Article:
The hypocrisy of liberal media members knows no bounds - even on Thanksgiving.
On Thursday, CNN contributor Paul Begala wrote a piece for the Huffington Post extolling the "quintessentially liberal virtue" of generosity despite conservatives giving far more to charity:
I am grateful for the liberal generosity of the poor and working people. [...]
Turns out that poor people, like the widow in Christ's parable, give a larger percentage of their income to charity than the rich. As Judith Warner wrote in the New York Times Magazine in August:
A number of other studies have shown that lower-income Americans give proportionally more of their incomes to charity than do upper-income Americans. In 2001, Independent Sector, a nonprofit organization focused on charitable giving, found that households earning less than $25,000 a year gave away an average of 4.2 percent of their incomes; those with earnings of more than $75,000 gave away 2.7 percent.
This is remarkable. And it is important to remember the liberal generosity of most Americans, especially when we are confronted with such hateful examples of the worst in us: Like the ugly image of Tea-Party activists hurling dollar bills and invective at a man with Parkinson's Disease who was calling for health-care reform. Or when Rush Limbaugh and Glenn Beck mocked a woman who was forced to wear her dead sister's dentures because she couldn't afford proper dental care. Or the conservative Republican Lieutenant Governor of South Carolina who compared poor people to "stray animals" who should not be fed. "You know why? Because they breed. You're facilitating the problem if you give an animal or a person ample food supply. They will reproduce... "
Those conservatives are the outliers. Most Americans give and give liberally.
Actually, it's liberals that are the outliers, for conservatives give far more money to charity as a percentage of their income than their left-leaning brethren. As Beliefnet.com reported in April 2008:
In his book, Who Really Cares: The Surprising Truth About Compassionate Conservativism (Basic Books, 2006), [Arthur] Brooks discovered that approximately equal percentages of liberals and conservatives give to private charitable causes. However, conservatives gave about 30 percent more money per year to private charitable causes, even though his study found liberal families earned an average of 6 percent more per year in income than did conservative families. This greater generosity among conservative families proved to be true in Brooks' research for every income group, "from poor to middle class to rich."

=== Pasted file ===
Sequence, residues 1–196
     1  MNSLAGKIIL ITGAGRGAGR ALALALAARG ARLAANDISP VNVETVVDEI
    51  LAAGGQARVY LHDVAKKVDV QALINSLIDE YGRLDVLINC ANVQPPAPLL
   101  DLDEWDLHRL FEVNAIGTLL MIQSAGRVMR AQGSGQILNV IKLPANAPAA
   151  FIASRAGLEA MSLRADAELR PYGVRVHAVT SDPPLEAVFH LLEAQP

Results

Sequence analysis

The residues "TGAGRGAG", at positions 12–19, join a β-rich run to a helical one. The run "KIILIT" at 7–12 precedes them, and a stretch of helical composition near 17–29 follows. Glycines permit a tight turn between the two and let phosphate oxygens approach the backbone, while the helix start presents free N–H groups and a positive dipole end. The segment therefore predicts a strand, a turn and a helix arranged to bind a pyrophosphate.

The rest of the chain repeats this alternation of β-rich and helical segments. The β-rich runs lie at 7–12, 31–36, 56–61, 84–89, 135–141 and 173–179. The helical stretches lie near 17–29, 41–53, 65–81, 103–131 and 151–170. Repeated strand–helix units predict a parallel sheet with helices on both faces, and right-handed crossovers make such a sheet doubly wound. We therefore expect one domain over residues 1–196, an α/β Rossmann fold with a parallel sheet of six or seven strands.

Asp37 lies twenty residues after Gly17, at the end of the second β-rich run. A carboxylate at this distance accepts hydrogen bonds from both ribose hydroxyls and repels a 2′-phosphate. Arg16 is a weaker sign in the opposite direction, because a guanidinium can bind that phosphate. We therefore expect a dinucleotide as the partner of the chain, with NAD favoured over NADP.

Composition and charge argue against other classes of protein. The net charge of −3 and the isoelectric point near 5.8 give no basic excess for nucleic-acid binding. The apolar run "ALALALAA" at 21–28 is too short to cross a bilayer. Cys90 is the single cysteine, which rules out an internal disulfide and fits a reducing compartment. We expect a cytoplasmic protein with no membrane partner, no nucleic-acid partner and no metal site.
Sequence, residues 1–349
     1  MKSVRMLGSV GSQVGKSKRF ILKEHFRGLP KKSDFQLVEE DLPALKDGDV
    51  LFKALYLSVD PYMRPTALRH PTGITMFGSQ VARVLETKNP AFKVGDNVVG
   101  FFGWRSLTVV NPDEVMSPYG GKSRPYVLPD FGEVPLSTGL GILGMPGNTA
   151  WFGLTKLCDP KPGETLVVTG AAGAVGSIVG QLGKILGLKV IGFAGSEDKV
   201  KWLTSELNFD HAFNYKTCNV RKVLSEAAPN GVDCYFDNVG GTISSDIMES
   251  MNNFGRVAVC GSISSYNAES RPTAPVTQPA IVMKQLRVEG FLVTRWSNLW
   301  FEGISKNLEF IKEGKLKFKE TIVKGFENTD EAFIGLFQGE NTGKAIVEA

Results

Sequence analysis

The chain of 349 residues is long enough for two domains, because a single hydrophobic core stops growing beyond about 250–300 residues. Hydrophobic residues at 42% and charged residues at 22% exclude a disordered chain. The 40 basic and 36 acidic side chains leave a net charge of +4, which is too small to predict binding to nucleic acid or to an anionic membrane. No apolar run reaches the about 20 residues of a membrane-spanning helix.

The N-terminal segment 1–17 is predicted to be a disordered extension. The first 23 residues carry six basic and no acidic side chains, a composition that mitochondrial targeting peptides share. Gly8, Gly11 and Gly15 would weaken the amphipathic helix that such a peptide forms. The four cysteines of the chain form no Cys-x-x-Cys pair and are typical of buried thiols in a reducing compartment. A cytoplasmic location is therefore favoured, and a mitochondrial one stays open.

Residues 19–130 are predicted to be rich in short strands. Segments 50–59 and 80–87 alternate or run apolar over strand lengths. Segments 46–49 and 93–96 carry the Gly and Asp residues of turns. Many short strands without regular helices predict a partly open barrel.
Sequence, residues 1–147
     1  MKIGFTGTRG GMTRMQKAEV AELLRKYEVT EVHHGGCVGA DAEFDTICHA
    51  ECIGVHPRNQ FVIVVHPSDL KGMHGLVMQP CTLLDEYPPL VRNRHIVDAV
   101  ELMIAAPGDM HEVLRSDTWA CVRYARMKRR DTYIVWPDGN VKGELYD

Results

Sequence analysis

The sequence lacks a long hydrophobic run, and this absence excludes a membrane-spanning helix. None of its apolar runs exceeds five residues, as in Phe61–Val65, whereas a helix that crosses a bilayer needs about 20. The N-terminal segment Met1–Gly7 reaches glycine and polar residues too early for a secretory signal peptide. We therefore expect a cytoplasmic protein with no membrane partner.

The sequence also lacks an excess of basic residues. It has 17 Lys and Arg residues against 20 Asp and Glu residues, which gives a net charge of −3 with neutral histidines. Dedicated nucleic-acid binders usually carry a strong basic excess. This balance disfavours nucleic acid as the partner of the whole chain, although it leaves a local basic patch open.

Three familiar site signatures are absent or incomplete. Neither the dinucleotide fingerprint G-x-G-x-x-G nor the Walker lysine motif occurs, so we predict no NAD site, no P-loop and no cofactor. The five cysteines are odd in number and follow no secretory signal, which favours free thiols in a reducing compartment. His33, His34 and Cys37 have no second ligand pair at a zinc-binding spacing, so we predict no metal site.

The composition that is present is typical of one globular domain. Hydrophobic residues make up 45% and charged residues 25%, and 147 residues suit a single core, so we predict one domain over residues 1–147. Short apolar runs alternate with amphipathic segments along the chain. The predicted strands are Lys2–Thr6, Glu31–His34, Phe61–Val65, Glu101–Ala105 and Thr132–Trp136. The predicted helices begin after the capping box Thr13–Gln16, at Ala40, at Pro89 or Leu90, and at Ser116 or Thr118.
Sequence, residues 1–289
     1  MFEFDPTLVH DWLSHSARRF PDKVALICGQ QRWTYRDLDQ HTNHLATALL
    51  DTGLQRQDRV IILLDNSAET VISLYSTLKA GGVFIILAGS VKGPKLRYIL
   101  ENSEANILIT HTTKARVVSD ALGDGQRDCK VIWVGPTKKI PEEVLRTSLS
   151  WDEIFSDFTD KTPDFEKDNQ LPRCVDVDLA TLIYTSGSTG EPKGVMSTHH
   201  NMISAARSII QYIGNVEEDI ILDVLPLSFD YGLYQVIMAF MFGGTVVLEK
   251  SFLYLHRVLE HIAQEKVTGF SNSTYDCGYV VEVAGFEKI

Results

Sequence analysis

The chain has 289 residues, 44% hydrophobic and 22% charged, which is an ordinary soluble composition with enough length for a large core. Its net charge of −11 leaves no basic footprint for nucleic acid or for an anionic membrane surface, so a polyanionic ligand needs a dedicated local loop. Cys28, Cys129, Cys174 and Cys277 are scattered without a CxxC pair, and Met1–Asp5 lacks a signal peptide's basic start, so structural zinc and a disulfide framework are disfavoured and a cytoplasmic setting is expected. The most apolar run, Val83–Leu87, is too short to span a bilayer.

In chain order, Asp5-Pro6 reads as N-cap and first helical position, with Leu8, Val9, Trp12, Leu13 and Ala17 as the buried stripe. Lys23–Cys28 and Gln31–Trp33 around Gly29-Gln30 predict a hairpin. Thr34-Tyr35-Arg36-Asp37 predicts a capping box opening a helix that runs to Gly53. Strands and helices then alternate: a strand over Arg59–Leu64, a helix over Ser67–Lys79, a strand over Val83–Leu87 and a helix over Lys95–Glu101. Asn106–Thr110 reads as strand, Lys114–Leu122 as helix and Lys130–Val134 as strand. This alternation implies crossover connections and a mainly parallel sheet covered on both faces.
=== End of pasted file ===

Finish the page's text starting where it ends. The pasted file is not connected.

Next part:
This "giving gap" also extended beyond money to time donated to charitable causes, as well. Brooks also discovered that in 2002, conservative Americans were much more likely to donate blood each year than liberals and to do so more often within a year. Brooks found "if liberals and moderates gave blood at the same rate as conservatives, the blood supply in the United States would jump by about 45 percent."
When Brooks compared his findings to IRS data on the percentage of household income given away, he found that "red" states in the 2004 election were more charitable than "blue" states. Brooks found that 24 of the 25 states that were above average in family charitable giving voted for Bush in 2004, and 17 of the 25 states below average in giving voted for Kerry. Brooks concluded, "The electoral map and the charity map are remarkably similar."
Indeed. As the Catalogue for Philanthropy consistently finds, red states regularly top the "generosity index" meaning that they give more as a percentage of income than blue states.
With this in mind, Begala's contention that generosity is quintessentially a liberal virtue is quintessentially nonsense, for if all Americans gave as sparingly as liberals, charities would have far less money, and those in need would be having a far less happy Thanksgiving.
Nice try, Paul.